Download PDF

If a pregnant woman moves to another jurisdiction before the birth of the child, is that analogous to child abduction? The Ontario Court of Appeal has rejected this argument in Dovigi v. Razi (2012) ONCA 361. This case concerned a custody dispute about a child born in California in early January of this year. The parents had neither married nor lived together. They were in a dating relationship and at one point engaged to be married but their relationship was broken off before their child was born. Both parents had lived in Ontario during the relationship and are Canadian citizens. Shortly before the child’s birth, the pregnant mother travelled to California. The child was born in California. Within three days of the child’s birth, the father started a court application in Ontario for joint custody. A few days later, the mother started a court application in California for custody of the child.

The primary question for the Ontario court was whether jurisdiction lies in this province over a child who was born in a foreign state and has never been present here. In Ontario the relevant legislation provides that the courts here have jurisdiction to determine the custody and access of a child if that child is habitually resident in Ontario or, in certain circumstances, if the child is physically present here. The judge concluded that the child did not fall into either category but decided to exercise her parens patriae authority to find jurisdiction in any case. A court’s parens patriae authority is a residual power of the court to protect those who otherwise have no other recourse.

The mother initially argued that she has a right to mobility protected by the Canadian Charter of Rights and Freedoms which cannot be constricted by the fact that she is pregnant. The mother, however,  withdrew her Charter challenge for tactical reasons because she did not want to be seen to be attorning  to the Ontario court, meaning she did not wish to appear to be conceding  the Ontario court’s jurisdiction by invoking the Charter. The judge of first instance accepted that the mother could decide where she wishes to live but did not agree that should determine which court has jurisdiction over the child. Although the judge acknowledged that Canadian courts do not have jurisdiction over an action concerning a foetus before birth, the judge expressed concern over declining jurisdiction in this case. The judge held that to refuse to hear the case would encourage a pregnant mother to move to another jurisdiction in circumstances that are “arguably analogous to abduction”.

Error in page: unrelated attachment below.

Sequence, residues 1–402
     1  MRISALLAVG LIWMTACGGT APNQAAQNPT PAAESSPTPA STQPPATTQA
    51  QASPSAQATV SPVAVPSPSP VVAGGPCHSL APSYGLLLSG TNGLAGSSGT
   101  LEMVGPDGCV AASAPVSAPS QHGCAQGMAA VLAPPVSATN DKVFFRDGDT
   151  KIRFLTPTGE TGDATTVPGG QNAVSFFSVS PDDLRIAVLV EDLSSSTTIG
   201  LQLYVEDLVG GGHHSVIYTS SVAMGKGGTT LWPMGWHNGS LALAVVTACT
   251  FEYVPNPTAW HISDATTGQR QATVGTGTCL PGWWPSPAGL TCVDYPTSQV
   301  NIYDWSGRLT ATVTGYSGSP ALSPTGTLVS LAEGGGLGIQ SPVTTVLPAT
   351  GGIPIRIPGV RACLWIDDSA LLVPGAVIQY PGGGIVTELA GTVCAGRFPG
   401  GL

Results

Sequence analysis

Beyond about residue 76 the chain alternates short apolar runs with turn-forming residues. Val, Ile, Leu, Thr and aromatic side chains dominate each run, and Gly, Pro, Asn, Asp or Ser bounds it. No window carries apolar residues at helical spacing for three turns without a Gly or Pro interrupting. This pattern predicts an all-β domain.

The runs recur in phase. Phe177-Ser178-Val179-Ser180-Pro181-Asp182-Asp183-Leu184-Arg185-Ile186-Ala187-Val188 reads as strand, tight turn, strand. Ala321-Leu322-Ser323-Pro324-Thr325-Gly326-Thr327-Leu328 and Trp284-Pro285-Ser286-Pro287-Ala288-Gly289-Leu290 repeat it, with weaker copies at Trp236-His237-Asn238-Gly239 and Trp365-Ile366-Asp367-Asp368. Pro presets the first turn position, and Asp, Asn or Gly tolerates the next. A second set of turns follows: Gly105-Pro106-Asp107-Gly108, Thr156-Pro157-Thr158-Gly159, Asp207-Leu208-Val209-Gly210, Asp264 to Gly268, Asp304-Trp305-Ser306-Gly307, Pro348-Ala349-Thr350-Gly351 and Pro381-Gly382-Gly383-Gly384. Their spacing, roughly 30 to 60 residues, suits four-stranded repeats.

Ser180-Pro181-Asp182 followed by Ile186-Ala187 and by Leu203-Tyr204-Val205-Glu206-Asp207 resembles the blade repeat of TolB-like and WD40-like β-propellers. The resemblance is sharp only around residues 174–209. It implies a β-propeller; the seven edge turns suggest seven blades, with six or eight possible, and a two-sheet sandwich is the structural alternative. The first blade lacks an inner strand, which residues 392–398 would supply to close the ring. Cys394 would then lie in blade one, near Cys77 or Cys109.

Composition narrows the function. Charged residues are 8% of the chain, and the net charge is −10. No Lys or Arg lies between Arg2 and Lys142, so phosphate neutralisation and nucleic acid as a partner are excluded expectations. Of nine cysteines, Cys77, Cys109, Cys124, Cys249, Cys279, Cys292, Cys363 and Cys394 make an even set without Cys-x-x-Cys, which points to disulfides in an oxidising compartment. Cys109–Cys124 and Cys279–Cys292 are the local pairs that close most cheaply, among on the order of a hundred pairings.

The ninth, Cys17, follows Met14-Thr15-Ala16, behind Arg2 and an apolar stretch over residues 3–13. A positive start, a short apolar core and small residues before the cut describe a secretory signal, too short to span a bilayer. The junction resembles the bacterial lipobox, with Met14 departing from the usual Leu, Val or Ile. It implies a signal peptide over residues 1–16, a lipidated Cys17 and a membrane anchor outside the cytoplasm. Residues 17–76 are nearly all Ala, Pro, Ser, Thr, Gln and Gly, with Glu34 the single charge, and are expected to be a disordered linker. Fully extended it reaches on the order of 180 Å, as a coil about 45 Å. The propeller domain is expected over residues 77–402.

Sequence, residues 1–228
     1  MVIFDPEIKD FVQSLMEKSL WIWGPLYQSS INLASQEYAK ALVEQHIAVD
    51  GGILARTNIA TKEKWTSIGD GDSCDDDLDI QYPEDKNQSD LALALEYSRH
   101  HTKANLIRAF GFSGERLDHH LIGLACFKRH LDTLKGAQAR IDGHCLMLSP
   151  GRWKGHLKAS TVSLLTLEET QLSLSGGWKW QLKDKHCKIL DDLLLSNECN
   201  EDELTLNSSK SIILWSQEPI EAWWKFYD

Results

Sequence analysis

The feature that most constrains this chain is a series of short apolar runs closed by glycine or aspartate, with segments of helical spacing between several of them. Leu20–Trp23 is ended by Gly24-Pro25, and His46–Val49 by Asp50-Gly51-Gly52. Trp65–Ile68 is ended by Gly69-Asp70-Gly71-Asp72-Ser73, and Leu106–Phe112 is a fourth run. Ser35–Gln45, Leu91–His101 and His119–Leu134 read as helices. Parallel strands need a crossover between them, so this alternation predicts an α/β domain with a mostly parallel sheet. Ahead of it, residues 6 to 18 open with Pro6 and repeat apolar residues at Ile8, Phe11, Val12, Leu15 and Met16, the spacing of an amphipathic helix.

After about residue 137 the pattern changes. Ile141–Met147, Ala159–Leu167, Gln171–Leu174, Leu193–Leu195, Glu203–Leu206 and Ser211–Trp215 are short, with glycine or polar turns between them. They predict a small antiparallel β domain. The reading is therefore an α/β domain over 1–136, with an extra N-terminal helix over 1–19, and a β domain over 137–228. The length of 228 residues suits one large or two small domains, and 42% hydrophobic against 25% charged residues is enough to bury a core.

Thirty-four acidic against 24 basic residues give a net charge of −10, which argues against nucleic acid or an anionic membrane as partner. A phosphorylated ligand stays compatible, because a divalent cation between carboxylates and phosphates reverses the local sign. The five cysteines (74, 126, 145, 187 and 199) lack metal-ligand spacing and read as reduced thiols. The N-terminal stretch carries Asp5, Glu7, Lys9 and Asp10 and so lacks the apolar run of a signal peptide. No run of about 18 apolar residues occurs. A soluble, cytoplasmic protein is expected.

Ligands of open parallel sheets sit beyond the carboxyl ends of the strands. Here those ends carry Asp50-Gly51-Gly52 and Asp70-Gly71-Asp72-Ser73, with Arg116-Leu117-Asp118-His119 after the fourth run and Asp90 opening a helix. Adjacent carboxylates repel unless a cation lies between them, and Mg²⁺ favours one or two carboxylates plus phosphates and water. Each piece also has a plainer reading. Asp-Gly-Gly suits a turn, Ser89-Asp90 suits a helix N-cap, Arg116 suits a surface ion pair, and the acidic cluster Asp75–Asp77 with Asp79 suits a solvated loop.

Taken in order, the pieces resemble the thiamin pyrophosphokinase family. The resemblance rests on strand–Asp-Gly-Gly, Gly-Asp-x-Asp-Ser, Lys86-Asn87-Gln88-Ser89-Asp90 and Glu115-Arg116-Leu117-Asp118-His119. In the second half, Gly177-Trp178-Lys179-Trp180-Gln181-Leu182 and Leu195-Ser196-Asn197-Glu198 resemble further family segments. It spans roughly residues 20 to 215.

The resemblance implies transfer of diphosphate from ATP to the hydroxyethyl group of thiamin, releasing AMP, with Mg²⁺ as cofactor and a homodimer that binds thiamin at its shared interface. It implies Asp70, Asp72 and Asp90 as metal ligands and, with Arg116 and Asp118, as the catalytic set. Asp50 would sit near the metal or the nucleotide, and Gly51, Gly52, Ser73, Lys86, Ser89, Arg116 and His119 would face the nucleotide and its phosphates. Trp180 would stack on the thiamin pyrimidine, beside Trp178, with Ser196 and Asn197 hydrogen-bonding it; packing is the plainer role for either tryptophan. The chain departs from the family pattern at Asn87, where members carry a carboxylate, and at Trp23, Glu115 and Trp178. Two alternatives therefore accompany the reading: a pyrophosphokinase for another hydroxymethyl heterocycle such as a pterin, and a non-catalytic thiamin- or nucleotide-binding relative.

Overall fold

The mother appealed this decision to the Ontario Court of Appeal.  At the Court of Appeal, the father argued both that the lower court was correct in exercising the parens patriae power to take jurisdiction over the question of the child’s custody and, in any case, that the child was habitually resident in Ontario despite never having been here as her parents, or at least one, were resident here. The Ontario Court of Appeal rejected both arguments. The Court of Appeal found that the legislation did not have a gap, in other words, the legislature had not overlooked this eventuality. Rather, the legislation quite precisely delineates when jurisdiction should be taken by an Ontario court. Under the legislation “habitually resident” means a place that a child resides with both parents together, or with one parent alone if that is with the consent of the other parent. The statute expressly provides that if a child lives with one parent outside of Ontario because she has been abducted that does not change the child’s habitual residence from Ontario to the jurisdiction to which the child has been abducted. The Court of Appeal found clearly that this child does not fall into any of these categories. The child resides in California with one parent and is, therefore, not habitually resident in Ontario. The Court of Appeal’s decision has the necessary implication that if a pregnant woman leaves Ontario and gives birth elsewhere the law does not treat that as akin to kidnapping a child.

The Court of Appeal affirmed that parens patriae  jurisdiction might possibly apply in an appropriate case but concluded that in this case there was no evidence of any valid protection concerns. California has custody and access laws similar to ours and the decision will be made based on the child’s best interests. The Court allowed the appeal. The father sought leave to appeal the decision to the Supreme Court of Canada but was denied.

The Court of Appeal did leave the door just barely open to the exercise of parens patriae jurisdiction over a child born outside Ontario but it is difficult to know exactly what set of circumstances would invoke the need for an Ontario court to act to protect a child. It is encouraging that the Court of Appeal quite clearly drew a distinction between a pregnant woman moving her own person and a parent kidnapping a child. This decision protects the physical autonomy of pregnant women and also fosters a basic principle of family law – that children’s custody and access disputes should be resolved where the child resides.